Yesterday was a bad day, I cried because I didn’t know what else to do. The month of June was a crappy month-all of it. July showed some promise, but it blew away with the wind, I guess. I’m hoping that August will give me a break, but I’m not holding my breath. They say “behind (or beside) every successful man is a good (strong) woman…”  I can’t agree or disagree with that statement, but I’ve been thinking about it a lot lately.

You see my husband relies on me for practically everything- it is our relationship- our life. When we left Toronto 1 year ago, I was right behind him picking up the pieces (packing, making plans & arrangements), AND leaving behind my friends and a job at one of the top universities in Canada.  My husband never really caught a break in Toronto, and needed (for his sanity and mine) to leave and find something that would benefit our family- he found it in Calgary.

I never questioned it, because we never questioned our bond in accepting the inevitabilities of life. After all he left his family to live with me in a foreign land. Now that I have been out of my comfort zone for one year, I have to admit, I hate it. While my husband has gained success and is happier in this new city, I don’t fit- I just can’t seem to catch my breath.

Success is a funny thing, and that’s the problem. Even without meticulous calculations you could look at our lives here now compared to our life in Toronto and conclude the obvious- we have gained more success. We have more money in the bank; we just bought a house that, if purchased in Toronto, would be half a million dollars; our kids are growing up and staying out of trouble; and our marriage is stronger than ever- Thank God for all of this. So what’s the problem you ask? Read on!

Changing Dynamics

Looking back, my anxieties about relocating were in the moment. I was never one to get up and go with young children, and I knew it would be a challenge.  Because the baby was 7 months old, I didn’t feel any guilt in expecting the worse- after all, who moves across the country on the VIA train? Okay, that was my idea- I wanted to see Canada, lol. The funny thing is that, the physical aspect of moving was so very temporary that it’s like it never happened, and I just expected that everything else would run smoothly.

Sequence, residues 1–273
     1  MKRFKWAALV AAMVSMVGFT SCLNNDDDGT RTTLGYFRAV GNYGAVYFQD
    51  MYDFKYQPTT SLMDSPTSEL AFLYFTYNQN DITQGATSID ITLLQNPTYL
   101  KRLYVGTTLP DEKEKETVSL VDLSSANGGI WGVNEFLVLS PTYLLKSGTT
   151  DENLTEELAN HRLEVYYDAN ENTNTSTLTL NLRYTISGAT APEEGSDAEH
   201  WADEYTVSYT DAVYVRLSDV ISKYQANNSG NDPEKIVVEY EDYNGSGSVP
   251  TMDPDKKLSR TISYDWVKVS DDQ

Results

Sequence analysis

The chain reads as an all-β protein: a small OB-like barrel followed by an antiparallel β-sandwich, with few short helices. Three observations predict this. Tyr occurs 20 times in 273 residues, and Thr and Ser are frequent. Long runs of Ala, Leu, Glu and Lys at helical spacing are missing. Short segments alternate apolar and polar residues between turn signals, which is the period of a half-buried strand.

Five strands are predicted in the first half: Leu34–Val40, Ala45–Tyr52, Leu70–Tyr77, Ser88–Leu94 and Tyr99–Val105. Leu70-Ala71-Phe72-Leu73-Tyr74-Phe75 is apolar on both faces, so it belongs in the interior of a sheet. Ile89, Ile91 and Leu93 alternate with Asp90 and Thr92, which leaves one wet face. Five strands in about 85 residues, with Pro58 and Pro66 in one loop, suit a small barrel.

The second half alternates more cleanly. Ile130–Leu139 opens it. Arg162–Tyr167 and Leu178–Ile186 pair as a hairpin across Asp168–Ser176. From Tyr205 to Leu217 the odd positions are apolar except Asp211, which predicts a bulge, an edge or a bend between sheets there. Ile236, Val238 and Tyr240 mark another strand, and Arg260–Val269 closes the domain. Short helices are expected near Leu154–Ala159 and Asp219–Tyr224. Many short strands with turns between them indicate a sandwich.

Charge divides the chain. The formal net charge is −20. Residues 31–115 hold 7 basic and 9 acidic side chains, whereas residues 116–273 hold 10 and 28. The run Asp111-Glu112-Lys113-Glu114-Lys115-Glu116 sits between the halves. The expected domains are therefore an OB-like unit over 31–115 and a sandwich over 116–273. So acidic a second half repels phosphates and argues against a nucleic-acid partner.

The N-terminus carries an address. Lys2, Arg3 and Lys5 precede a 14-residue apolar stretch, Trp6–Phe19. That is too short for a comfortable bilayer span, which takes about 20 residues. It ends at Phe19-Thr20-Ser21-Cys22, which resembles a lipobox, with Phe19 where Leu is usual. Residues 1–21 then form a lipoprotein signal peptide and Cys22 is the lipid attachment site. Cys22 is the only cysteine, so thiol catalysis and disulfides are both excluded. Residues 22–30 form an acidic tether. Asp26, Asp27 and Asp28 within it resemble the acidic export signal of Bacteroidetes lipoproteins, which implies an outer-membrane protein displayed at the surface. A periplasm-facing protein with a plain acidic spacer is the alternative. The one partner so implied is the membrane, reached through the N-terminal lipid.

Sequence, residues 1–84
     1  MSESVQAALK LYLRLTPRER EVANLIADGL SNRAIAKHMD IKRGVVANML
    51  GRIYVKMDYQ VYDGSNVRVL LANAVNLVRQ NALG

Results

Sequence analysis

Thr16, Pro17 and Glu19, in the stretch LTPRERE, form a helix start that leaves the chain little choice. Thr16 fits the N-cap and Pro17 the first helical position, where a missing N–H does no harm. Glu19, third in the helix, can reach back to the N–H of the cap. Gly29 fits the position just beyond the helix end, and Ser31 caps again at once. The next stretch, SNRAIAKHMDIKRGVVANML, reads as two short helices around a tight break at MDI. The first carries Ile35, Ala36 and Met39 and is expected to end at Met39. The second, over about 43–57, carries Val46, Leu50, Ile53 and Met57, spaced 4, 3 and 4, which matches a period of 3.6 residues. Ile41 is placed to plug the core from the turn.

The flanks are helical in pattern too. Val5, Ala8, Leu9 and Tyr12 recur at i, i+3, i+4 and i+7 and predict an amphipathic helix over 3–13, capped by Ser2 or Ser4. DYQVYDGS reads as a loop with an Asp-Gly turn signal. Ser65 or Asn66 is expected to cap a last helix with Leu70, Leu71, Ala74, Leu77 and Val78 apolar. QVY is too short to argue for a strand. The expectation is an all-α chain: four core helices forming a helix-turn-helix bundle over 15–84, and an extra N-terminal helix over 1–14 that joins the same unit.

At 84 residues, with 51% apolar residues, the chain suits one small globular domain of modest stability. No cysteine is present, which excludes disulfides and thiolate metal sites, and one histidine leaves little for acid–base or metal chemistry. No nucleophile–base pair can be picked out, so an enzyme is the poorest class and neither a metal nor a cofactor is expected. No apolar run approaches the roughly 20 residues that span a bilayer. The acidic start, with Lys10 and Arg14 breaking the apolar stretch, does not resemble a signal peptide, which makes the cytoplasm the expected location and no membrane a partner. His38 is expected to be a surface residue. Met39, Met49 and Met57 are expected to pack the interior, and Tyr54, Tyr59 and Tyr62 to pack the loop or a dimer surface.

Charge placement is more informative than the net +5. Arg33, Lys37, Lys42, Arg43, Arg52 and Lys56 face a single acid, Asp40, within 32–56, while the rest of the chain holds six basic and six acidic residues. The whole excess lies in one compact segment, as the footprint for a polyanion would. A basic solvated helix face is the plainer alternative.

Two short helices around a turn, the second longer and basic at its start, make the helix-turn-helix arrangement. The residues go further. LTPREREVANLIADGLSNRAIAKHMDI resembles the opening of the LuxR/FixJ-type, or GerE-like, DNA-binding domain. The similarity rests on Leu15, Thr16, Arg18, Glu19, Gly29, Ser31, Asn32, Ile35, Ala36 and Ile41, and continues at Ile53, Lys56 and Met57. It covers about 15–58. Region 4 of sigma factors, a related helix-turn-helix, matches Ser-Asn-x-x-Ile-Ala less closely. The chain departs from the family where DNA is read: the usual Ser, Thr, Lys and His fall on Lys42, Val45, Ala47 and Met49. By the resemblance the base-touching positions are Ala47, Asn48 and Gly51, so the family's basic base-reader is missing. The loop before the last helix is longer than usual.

I never considered that once I settled in, there would be no friends, family, or career connections. Even worse, I never thought about how I would feel being financially dependent on my husband- even if I too had money in the bank.

The reality is that I love my family, and I don’t use words like “sacrificed” when hubby and I discuss how I feel about moving across the country for his work. I certainly don’t feel that I gave up anything to be here, because my life is his life is our life, if you catch my drift.  I try not to think about the “what-ifs”, because I know that this is my reality right now and a mature woman should be able to deal with whatever comes her way right?

Hubby knows I am not at my happiest in this new space and place. He always asks me if I want to return to Toronto. When I am really honest about my feelings, he knows that he cannot just walk away, we speak about it. In those moments, I am pleased. I am happy and almost grateful that he doesn’t just give in and try to prove that he will do what I want. I couldn’t swallow that; I could never look him in the eyes again if he returned to working long hours for practically nothing.

Honestly, I want to be here, I want to be present and happy. I want to be right behind or beside him supporting his decisions and being happy about it all. I search for answers to his questions, but they too stay hidden away, perhaps for the better. So I wake up every day knowing that it’s all up to me. I think about how I am going to make it MY day and start again and try again and again, until I feel at home.  It may be a while, but I am hopeful.

Would you (or) have you relocated for your spouse’s career/happiness? 

The image used in this post is credited to madpie. It holds a Flickr Creative Commons attribution license.

This is an original article written by Salma for World Moms Blog.

Salma (Canada)

An Imperfect Stepford Wife is what Salma describes herself as because she simply cannot get it right. She loves decorating, travelling, parenting,learning, writing, reading and cooking, She also delights in all things mischievous, simply because it drives her hubby crazy. Salma has 2 daughters and a baby boy. The death of her first son in 2009 was very difficult, however, after the birth of her Rainbow baby in 2010 (one day after her birthday) she has made a commitment to laugh more and channel the innocence of youth through her children. She has blogged about her loss, her pregnancy with Rainbow, and Islamic life. After relocating to Alberta with her husband in 2011 she has found new challenges and rewards- like buying their first house, and finding a rewarding career. Her roots are tied to Jamaica, while her hubby is from Yemen. Their routes, however, have led them to Egypt and Canada, which is most interesting because their lives are filled with cultural and language barriers. Even though she earned a degree in Criminology, Salma's true passion is Social Work. She truly appreciates the beauty of the human race. She writes critical essays on topics such as feminism and the law, cultural relativity and the role of women in Islam and "the veil". Salma works full-time, however, she believes that unless the imagination of a child is nourished, it will go to waste. She follows the philosophy of un-schooling and always finds time to teach and explore with her children. From this stance, she pushes her children to be passionate about every aspect of life, and to strive to be life-long learners and teachers. You can read about her at Chasing Rainbow.

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